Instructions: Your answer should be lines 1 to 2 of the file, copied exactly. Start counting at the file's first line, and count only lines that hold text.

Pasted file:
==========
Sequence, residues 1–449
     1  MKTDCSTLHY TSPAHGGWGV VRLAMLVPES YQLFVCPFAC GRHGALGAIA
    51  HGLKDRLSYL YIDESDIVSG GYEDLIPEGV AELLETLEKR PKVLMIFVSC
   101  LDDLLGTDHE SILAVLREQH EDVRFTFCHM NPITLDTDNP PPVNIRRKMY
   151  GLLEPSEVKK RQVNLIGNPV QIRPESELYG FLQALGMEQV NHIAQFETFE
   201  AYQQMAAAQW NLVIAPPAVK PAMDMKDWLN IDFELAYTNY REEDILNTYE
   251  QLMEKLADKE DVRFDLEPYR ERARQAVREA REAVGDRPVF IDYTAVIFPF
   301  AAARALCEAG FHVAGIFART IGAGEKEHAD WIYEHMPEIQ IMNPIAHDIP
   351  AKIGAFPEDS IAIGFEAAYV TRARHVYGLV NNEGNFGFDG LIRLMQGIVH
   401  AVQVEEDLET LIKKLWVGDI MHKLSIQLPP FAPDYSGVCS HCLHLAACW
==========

Sequence, residues 1–449
     1  MKTDCSTLHY TSPAHGGWGV VRLAMLVPES YQLFVCPFAC GRHGALGAIA